Monday, November 17, 2008

Why don't we have open government and what can we do about it?

In a world of perfect open government, the relationship between citizens and government would work a lot like the relationship between a manager and her employees. Not only does the manager get to see everything the employees are working on, she also expects them to take the responsibility to summarize the information and present it to her periodically in a useful way. And if anything is suspicious, she has the chance to ask questions and even examine the original data or source material for the project.

In an ideal world, the government should work for us, and we as citizens would set the expectation of frequent updates with real transparency - not just government reports so dense that an entire field of consulting has sprung up just to translate them. (Try making your way through the GAO's 166-page report on itself without any help)

The reason we are stuck with this situation is because we as citizens have been bad managers of our government. For many years, we had low standards of transparency, we were passive consumers of whatever the media feeds us, and we didn't make openness a priority when we had a chance to exercise our vote. In some ways, we are starting to turn that around: citizens participating in journalism (bloggers pat themselves on the back!), calling our congressional representatives to protest the non-transparent bailout, and voting for the candidate who ran the more open campaign.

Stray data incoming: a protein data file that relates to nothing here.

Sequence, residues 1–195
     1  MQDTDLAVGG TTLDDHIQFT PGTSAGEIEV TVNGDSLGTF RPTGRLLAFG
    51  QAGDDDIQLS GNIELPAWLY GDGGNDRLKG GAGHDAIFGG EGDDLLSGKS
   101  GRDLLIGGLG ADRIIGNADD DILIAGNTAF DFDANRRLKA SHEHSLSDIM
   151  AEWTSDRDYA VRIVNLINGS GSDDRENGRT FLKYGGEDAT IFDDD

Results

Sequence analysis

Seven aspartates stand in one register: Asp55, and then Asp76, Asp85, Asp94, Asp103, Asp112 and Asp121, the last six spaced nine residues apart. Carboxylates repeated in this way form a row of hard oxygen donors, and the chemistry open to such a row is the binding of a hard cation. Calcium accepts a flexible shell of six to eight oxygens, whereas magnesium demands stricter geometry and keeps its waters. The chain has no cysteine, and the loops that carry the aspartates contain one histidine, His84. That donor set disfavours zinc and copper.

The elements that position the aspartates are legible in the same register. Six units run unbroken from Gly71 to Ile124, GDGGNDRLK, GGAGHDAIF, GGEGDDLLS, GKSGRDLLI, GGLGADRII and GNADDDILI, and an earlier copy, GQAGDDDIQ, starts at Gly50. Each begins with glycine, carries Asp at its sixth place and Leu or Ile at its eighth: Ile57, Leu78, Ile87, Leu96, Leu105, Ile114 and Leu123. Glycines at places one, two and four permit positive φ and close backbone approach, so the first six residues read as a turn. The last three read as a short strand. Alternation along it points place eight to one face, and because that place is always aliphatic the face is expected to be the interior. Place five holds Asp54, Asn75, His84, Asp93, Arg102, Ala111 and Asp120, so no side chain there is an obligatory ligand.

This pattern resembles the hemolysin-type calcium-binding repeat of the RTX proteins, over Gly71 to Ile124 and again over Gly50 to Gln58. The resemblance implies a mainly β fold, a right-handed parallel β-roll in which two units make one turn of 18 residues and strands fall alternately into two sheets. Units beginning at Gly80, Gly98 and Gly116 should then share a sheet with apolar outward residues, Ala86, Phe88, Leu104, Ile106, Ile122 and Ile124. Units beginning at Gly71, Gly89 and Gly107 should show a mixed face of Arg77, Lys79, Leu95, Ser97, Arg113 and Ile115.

Still, there is no sign that we are about to get off our collective asses and start a real movement for transparency and access. This is where the Obama team comes in - they want to do it for us! Can that work? Can the government be the driving force behind government transparency?

We're kidding ourselves if we believe that the government acting alone will become more transparent, but that's the beauty of what the Obama team is trying to do (or what I think they're trying to do). They are trying to kick-start the American public into demanding access and influence in the way government runs. And maybe, just maybe, once they get the ball rolling, we will start demanding more and more openness.

If Obama can spark a change in culture we could find ourselves on a path to truly open government. Technology will be a crucial tool in achieving this culture change, just as it was a major factor in his campaign. Posting a weekly address on YouTube isn't a sign of openness on its own, but if more than 700,000 people have watched it, that could be the beginning of something great. If the country starts paying attention and getting involved, that could be the change we need.

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